Gwen pulled her hand back and turned her head. “I’m sorry, I wasn’t thinking. My momma says I shouldn’t talk to people I don’t know.”
“My momma tries to keep me inside the house. When my daddy isn’t home, she doesn’t want me talking to other people.”
Gwen felt the sadness rolling off the boy like waves on the beach. Each wave hit her, threatening to pull her down into his depths. “Did you carve the Jack O’ Lantern yourself?” Gwen asked, pointing to the grinning pumpkin on the porch.
“I did him all by myself,” Timmy boasted. His chest puffed out in a proud gesture, and his face beamed in pride.
“I like him very much. The pumpkin reminds me of when me and my mom would carve Jack O’ Laterns for Halloween,” Gwen said.
“Mom and dad won’t help me; I have to do them all myself. I always have to steal the pumpkins from Mr. Wade’s farm,” Timmy explained.
Gwen cocked her head to the side and studied the crooked smile and large triangle eyes carefully. “He is outstanding.”
“You don’t get told nice things very often, do you?” Gwen asked.
Timmy stood in silence and could only manage to squeeze Gwen’s hand lightly. “No,” Timmy said. His head lowered, and his eyes stared at the ground.
“Timmy, will you light a candle for me in a pumpkin every Halloween?” Gwen asked.
Timmy’s head perked up, and he finally smiled again. “I can do that for you!” he said and bounded back up the porch and into the house.
After a few moments, he returned and knelt beside the Jack O’ Lantern on the top step. Timmy carefully removed the lid from the pumpkin’s top and blew out the candle inside. The bright Jack O’ Lantern dimmed and darkened. Smoke spilled out from the mouth and eyes while Timmy struck a match and gently touched it to the wick. A new flame sprang to life, and the pumpkin’s face beamed its bright light again.
“Is that better?” Timmy called out from the porch.
“Yes, thank you, Timmy! I hope you’ll light one for me every year! I’ll be back to check every Halloween!” Gwen called back.
Something crashed in the house, and Timmy flinched. “Timmy, get your ass back in this house, now!” a voice boomed from inside.
“Yes, dad,” Timmy answered. He turned back and gave a small quick wave to Gwen before disappearing back into the house. This time, the lights behind the curtains went dark, and Gwen thought she heard Timmy crying.
Gwen knew nobody else could see her, so she sat on the sidewalk until the sun started to rise. Gwen had to know Timmy would be okay. Once she didn’t hear anything anymore, she stood up and took off back to her resting place beyond the Veil. Gwen hoped Timmy would keep his promise to her.
Gwen returned to Timmy’s house for the next three years and saw the pumpkin smiling brightly at her. Timmy didn’t come outside anymore, but she could see him stalking behind the curtains of the upstairs window, making sure she’d stop by to see the lights for her.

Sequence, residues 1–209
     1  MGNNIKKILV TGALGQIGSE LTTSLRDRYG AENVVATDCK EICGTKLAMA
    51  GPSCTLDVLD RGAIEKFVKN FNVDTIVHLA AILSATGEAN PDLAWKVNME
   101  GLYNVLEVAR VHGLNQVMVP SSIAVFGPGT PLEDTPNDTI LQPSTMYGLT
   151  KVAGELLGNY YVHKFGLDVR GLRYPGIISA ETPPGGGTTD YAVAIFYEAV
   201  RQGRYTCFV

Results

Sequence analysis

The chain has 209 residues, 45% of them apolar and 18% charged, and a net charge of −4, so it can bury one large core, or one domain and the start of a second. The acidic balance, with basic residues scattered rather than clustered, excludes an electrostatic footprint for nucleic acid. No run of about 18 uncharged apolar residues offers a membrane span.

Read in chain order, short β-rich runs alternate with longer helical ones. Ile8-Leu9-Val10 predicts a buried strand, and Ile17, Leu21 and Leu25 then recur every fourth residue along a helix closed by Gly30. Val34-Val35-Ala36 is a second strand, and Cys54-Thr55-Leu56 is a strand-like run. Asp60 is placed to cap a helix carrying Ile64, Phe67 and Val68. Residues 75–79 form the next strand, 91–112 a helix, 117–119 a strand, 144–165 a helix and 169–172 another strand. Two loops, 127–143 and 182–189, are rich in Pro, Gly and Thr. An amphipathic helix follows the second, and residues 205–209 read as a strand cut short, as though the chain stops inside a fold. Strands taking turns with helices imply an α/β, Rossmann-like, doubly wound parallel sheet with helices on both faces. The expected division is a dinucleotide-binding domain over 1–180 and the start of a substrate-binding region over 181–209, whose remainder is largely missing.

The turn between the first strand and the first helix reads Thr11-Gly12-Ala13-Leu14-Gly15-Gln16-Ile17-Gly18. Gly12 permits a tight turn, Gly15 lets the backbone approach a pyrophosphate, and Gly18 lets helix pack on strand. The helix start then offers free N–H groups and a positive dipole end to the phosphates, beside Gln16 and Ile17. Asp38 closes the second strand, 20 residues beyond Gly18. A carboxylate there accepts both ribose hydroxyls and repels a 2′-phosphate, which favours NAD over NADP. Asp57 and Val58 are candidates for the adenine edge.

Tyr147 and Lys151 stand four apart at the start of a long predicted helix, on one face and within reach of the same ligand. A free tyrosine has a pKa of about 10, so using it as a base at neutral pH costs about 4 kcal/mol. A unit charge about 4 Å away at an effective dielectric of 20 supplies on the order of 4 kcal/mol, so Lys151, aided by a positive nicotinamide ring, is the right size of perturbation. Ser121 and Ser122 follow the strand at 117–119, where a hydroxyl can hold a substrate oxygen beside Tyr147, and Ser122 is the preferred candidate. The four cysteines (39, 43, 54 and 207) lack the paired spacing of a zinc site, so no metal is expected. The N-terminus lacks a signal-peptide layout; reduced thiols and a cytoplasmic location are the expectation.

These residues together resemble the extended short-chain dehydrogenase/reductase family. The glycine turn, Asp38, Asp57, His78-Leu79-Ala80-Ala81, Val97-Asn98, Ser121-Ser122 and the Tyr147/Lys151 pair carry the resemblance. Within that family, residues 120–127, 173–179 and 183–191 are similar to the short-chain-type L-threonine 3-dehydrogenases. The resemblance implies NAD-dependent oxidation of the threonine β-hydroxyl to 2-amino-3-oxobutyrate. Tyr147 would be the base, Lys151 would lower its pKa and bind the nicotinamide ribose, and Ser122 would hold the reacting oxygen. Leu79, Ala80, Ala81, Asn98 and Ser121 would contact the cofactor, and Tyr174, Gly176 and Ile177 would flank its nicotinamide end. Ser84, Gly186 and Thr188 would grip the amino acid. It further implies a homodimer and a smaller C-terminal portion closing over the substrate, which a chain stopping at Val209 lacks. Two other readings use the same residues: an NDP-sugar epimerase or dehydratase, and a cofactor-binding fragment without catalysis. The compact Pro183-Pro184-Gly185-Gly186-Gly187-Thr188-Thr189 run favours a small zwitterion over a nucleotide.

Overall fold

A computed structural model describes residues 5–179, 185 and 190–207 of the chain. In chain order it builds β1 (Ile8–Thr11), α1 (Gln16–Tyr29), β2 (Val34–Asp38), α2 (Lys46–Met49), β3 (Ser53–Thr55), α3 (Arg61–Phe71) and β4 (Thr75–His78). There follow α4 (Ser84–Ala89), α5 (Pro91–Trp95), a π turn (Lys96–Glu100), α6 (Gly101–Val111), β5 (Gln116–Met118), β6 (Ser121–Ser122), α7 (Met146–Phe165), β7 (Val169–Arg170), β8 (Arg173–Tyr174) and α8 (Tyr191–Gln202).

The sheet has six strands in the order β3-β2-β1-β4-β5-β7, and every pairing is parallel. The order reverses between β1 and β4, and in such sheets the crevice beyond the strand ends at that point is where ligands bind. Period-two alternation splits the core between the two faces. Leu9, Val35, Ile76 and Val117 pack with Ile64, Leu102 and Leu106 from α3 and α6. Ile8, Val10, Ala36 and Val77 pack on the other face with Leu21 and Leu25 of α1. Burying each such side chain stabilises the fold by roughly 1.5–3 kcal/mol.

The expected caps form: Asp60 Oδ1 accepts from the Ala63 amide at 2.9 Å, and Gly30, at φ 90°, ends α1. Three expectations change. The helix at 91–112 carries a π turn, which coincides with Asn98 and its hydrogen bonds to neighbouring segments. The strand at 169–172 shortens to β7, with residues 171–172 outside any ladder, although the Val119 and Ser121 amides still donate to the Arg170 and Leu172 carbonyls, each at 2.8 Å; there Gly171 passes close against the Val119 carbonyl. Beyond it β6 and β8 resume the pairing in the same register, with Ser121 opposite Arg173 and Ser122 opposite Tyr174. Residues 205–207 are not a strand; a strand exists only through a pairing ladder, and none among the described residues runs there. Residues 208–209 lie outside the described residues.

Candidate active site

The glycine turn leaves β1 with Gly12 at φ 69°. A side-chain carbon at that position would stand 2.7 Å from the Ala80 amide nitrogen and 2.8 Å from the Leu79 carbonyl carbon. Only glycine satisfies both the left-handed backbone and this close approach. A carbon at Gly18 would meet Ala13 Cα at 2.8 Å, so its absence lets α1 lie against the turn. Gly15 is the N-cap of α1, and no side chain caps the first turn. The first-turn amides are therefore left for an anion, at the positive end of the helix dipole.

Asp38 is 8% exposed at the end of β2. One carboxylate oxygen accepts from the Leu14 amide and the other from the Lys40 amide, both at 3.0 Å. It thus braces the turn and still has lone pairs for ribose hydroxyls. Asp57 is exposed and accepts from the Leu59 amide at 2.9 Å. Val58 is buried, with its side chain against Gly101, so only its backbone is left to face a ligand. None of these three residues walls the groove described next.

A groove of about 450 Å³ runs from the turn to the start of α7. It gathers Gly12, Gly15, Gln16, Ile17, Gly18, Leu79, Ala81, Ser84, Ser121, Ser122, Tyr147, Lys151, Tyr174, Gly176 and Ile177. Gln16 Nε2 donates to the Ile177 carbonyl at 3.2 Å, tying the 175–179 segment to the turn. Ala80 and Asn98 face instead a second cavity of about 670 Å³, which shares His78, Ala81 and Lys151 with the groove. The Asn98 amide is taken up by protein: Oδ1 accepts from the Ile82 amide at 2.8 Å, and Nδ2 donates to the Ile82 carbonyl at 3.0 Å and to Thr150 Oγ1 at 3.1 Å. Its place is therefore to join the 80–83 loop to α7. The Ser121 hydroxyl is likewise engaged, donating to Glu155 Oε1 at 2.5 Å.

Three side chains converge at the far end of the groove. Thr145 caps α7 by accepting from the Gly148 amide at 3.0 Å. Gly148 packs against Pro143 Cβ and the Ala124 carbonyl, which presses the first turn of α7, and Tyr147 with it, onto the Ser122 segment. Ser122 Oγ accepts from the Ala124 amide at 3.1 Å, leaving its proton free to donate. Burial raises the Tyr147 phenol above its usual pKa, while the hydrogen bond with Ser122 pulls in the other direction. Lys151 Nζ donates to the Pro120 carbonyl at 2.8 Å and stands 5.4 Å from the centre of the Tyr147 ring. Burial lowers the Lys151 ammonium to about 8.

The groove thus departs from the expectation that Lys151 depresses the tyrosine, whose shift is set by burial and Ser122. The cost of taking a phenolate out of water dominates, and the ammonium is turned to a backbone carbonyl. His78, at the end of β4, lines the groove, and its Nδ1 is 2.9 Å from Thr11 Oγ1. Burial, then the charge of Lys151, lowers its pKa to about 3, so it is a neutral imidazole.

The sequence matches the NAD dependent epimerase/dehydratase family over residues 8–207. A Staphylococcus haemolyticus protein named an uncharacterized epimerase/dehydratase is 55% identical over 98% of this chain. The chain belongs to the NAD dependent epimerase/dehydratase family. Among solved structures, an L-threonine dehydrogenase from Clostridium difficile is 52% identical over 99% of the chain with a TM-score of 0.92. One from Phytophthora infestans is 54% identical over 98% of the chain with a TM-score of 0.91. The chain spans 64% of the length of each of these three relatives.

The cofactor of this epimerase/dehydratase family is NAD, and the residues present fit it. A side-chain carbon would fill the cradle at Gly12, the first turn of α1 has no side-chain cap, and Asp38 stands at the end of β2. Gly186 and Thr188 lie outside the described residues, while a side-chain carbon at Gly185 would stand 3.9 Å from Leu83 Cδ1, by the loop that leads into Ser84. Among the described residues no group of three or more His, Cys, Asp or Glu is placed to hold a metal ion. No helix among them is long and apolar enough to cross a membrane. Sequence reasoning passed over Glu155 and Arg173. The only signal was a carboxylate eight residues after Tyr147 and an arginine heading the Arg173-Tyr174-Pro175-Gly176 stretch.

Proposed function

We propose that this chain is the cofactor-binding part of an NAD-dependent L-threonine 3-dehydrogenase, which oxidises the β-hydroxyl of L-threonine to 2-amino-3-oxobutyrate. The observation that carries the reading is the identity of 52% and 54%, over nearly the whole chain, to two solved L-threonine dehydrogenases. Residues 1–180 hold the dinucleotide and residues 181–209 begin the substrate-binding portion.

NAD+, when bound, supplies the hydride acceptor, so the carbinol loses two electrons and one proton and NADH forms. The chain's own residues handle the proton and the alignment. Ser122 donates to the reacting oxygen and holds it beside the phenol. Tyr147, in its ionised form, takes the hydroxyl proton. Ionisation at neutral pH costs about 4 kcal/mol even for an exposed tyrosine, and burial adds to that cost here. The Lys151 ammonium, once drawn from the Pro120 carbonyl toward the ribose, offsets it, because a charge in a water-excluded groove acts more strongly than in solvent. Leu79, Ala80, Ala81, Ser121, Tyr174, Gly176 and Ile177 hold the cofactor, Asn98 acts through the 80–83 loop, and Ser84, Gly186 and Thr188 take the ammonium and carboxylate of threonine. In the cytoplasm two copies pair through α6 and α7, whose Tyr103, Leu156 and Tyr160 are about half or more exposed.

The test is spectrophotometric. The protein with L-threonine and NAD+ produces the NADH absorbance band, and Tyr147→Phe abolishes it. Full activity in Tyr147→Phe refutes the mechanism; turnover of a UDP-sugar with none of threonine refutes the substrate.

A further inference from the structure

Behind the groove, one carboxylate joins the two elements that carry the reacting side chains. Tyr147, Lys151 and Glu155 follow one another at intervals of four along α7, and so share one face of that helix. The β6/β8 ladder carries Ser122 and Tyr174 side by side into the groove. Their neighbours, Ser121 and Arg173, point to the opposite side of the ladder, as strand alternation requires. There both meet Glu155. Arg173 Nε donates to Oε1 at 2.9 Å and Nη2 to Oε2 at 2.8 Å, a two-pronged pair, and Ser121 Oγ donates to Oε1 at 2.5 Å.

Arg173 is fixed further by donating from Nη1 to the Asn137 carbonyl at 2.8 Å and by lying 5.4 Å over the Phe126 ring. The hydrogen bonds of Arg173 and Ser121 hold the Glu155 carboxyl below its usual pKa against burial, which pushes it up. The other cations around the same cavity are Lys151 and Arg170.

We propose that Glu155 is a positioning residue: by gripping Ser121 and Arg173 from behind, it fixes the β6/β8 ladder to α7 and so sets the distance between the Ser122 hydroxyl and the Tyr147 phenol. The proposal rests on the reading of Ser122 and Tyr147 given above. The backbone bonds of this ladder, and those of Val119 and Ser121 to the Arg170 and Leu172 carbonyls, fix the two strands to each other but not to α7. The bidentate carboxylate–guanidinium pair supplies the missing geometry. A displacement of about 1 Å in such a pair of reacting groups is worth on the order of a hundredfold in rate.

It wasn’t until the fourth year when Gwen returned on Halloween where a Jack O’ Lantern wasn’t on the porch when she arrived. Boards covered the windows, and nothing moved around the house. The old peeling paint Gwen remembered from before appeared in even worse shape.
“Sorry, Gwen,” a voice said behind Gwen.
Gwen turned to see Timmy smiling behind her. He looked older than her now, and he still wore his big smile.
“Timmy?” Gwen asked. Fear crept into her thoughts, and she wanted to run off and cry.
“I’m sorry I didn’t get to light one for you this year,” Timmy apologized.
“It’s okay, but it was nice to have someone remember me on Halloween,” Gwen said, taking Timmy’s hand. “Did it hurt?”
“Yes, it hurt a lot,” Timmy softly replied. “I thought they loved me.”
Gwen reached out to Timmy and wiped a tear from his cheek.
“How can you do that?” Timmy asked.
“It’s the night when the Veil and the living world share thin boundaries. It’s why we can walk around like living kids again on Halloween,” Gwen explained.
“Do I have to go with you? I don’t know if I’m ready,” Timmy said.
“It comes for us all eventually. I’ve been waiting for what happened to you to happen. Bringing you comfort at the end of your journey is my job.”
“But you’re my age.”
“Timmy, I’ve visited you every Halloween for years, knowing each one could have been your last,” Gwen said.
“Why did he do it?”
“Some people can’t help themselves in the rages of being human. Our flesh is weak, but our souls are beautiful things. Now, you can rest without fear or pain, and we can come back every Halloween to be kids again,” Gwen said.
“Will someone light one for us, Gwen?” Timmy asked.
“Hopefully, someone will light a Jack O’ Lantern in memory of us,” Gwen replied.
Together, Gwen and Timmy left the pain of the living behind. Gwen did her duty and led Timmy into the Veil, hoping someone would ignite memory’s flame for them.